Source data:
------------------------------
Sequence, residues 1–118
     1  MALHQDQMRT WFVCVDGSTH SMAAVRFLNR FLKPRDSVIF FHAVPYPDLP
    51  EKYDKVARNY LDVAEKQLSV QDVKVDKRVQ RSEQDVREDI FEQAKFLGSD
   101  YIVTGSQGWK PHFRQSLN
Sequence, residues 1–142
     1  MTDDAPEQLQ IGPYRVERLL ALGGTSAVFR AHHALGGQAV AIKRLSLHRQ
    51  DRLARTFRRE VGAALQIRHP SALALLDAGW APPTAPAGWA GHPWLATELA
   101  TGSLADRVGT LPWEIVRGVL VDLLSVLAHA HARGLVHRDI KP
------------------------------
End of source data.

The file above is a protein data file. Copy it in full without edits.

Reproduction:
Sequence, residues 1–118
     1  MALHQDQMRT WFVCVDGSTH SMAAVRFLNR FLKPRDSVIF FHAVPYPDLP
    51  EKYDKVARNY LDVAEKQLSV QDVKVDKRVQ RSEQDVREDI FEQAKFLGSD
   101  YIVTGSQGWK PHFRQSLN
Sequence, residues 1–142
     1  MTDDAPEQLQ IGPYRVERLL ALGGTSAVFR AHHALGGQAV AIKRLSLHRQ
    51  DRLARTFRRE VGAALQIRHP SALALLDAGW APPTAPAGWA GHPWLATELA
   101  TGSLADRVGT LPWEIVRGVL VDLLSVLAHA HARGLVHRDI KP